From sheep to sheepdog: Churches consider security in throes of holidays
Published 12:10 am Sunday, December 17, 2017
By Andie Foley
“Do you want to be a sheep, or do you want to be a sheepdog?”
This question comes from Master Police Officer Ron Ferrell as he leads a place of worship security training in late November. He’s addressing over 150 individuals seeking insight on safety in their churches, mosques and synagogues.
Ferrell’s training fell just three weeks after the Texas shooting that claimed the lives of 26, a tragedy that, for many, aggravated old wounds and fears.
“Church used to be a place that you considered safe,” said Rickey Johnson, pastor for Antioch Missionary Baptist Church in Granite Quarry. “It’s not that way anymore. So much is happening.”
Church security is a growing concern for members of faith, particularly as incidents of mass violence continue to make national news. Worship leaders and worshippers are wanting to know what to look for and how to respond to keep themselves — and their guests — safe.
Dr. Kenneth Lance, pastor of First Baptist Church in Salisbury, said that his concern centered on his guests.
“I’m concerned that those who are spiritual seekers may refrain from coming to a place where they can find spiritual answers because of that overarching fear … in our society that public spaces, especially public worship spaces, may not be the sanctuary that they were once thought to be,” he said.
But what exactly are the largest threats to local congregations? Both Ferrell and local emergency manager and paramedic Aaron Thurston said that the answer may be surprising.
Both report that congregations are more likely to experience medical incidents, fires and natural disasters.
“It’s likely that someone’s going to die of a heart attack and need medical attention before somebody’s going to get shot,” said Thurston.
“Plan for the every day stuff. The medical stuff, the bumps, the bruises, the boo-boos, the heart attacks. Plan for that.”
Making a plan
Outside of his work with Rowan County Emergency Services, Thurston owns and operates Carolina Tactical Outfitters. The store offers “everything from pouches to body armor to new medical supplies.”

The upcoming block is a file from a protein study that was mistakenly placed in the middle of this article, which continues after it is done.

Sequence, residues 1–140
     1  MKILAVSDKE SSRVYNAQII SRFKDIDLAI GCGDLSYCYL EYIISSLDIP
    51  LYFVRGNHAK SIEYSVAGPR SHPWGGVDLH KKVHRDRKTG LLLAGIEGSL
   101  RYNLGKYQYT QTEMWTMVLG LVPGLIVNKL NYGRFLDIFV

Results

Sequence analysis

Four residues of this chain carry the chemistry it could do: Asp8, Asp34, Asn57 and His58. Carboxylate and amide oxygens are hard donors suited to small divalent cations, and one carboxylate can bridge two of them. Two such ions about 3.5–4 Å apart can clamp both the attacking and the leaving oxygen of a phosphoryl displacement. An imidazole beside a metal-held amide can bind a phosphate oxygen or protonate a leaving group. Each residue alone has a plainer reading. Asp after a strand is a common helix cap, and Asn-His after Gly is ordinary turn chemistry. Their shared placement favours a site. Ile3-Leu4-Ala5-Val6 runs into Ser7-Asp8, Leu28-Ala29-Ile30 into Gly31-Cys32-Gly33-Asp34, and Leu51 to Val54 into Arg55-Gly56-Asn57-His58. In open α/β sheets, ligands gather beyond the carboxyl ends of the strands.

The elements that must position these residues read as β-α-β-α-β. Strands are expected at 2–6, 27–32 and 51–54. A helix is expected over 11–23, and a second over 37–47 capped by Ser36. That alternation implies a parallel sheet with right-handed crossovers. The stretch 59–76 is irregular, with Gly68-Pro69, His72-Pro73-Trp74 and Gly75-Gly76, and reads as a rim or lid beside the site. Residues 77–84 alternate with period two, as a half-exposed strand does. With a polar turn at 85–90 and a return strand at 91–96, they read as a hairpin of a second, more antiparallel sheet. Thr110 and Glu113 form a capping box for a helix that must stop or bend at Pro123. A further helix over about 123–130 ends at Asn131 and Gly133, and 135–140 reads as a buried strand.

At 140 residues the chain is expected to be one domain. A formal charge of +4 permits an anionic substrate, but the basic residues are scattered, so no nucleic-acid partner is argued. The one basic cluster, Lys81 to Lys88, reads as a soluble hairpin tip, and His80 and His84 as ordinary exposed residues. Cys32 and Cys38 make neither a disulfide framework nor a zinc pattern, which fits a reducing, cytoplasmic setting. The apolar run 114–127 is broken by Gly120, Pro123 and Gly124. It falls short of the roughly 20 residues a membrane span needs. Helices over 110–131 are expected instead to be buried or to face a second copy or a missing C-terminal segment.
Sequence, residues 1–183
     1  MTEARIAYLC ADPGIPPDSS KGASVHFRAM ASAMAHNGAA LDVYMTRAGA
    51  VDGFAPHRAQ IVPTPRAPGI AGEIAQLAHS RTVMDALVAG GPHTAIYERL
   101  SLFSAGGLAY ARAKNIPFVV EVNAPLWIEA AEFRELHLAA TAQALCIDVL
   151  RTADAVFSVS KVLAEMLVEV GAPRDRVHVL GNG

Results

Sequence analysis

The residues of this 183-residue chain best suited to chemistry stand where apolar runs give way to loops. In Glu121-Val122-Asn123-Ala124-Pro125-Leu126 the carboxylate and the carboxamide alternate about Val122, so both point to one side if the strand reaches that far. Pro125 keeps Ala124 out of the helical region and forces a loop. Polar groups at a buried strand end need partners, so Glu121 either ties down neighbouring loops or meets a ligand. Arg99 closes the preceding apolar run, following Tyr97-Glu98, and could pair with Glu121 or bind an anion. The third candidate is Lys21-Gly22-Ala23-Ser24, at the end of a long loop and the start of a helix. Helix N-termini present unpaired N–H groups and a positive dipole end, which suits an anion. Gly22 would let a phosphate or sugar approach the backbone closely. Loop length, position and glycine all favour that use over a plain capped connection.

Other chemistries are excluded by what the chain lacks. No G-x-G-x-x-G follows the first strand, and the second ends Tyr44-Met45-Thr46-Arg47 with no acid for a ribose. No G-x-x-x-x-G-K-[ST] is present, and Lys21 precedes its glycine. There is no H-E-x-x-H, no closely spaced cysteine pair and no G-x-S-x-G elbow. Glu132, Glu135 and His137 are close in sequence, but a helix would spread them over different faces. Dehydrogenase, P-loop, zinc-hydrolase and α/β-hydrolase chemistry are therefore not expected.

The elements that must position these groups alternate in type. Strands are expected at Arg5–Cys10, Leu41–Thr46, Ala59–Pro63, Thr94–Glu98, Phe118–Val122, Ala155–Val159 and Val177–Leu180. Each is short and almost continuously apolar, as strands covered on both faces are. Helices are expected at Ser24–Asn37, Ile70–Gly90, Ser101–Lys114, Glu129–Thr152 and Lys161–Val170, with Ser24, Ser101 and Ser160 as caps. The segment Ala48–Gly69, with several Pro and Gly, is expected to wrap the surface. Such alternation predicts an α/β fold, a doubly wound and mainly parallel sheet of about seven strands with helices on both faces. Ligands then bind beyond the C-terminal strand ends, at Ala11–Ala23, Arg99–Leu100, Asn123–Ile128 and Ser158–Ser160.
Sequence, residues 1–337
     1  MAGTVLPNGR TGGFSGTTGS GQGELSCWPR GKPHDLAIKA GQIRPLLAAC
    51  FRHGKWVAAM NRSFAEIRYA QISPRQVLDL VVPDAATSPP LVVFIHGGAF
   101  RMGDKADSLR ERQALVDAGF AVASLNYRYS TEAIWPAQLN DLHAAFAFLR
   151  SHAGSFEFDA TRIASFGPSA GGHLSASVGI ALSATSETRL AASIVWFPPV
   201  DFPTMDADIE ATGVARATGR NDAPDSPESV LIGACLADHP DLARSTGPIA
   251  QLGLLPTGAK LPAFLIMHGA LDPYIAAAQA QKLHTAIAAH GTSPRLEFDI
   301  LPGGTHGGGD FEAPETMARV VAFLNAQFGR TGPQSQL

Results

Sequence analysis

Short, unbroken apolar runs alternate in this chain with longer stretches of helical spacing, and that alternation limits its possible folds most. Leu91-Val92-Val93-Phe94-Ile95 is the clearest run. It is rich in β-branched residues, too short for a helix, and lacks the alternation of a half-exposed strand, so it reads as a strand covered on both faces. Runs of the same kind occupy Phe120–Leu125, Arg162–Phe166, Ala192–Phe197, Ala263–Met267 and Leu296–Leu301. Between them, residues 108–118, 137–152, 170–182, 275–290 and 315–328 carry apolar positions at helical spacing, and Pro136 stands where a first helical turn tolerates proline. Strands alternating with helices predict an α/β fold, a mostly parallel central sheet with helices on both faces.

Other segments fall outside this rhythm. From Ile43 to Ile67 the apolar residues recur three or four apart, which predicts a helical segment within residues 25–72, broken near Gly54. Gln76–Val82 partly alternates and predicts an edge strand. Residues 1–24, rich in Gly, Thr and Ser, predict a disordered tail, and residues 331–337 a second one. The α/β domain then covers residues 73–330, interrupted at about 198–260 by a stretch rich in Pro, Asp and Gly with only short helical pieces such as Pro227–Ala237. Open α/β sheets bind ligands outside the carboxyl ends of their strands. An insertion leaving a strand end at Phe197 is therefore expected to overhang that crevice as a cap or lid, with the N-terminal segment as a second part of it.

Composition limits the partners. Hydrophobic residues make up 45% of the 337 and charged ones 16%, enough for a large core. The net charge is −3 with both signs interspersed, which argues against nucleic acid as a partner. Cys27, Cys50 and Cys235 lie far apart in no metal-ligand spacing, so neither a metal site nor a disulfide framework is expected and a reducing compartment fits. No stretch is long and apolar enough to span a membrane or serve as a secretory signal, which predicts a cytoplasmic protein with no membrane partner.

Thurston and his business partners offer similar information training to Ferrell’s, as well as individualized security evaluations for places of worship. This assistance is free.
The first step in making a church more safe and secure, he said, is formulating a plan. Plans are unique to each place of worship given their congregational size, their buildings, the physical circumstance of their members and more.
Both Ferrell and Thurston recommend that worship centers implement security teams, individuals who can act on plans in the event of crises.
Worship leaders and these teams should evaluate what will be done and who will do it should problems arise. Ferrell recommends developing plans for the following items:
- Medical emergencies
- Dangerous weather
- Fire evacuations
- Missing or kidnapped children
- Offering / cash control
- Domestic violence situations
- Disruptive / violent individuals
- Suspicious individuals
- Lock downs
- Suspicious packages
- Bomb threats
Action items should be compiled, clearly defined and written into policies that can be evaluated by each worship center’s legal team and insurance provider.
“It’s critical to have a plan for different scenarios before something tragic happens,” Ferrell said.
Ferrell spoke of triage teams, groups of individuals who can help in the event of minor medical incidents prior to the arrival of paramedics, firefighters or police.
Both Ferrell and Thurston suggested designating individuals to monitor parking lots and watch for signs of abnormal behavior. Both placed particular emphasis on keeping children safe, recommending all who work with children undergo background checks.
Plans in action
According to Thurston, concerns about security ebb and flow in response to national, publicized events. Calls for security consultations in churches, he said, started to wane six to nine months ago.
“It’s only a matter of time,” he said. “People are not immune to these types of events. They’re going to happen, it’s just a matter of when and where.”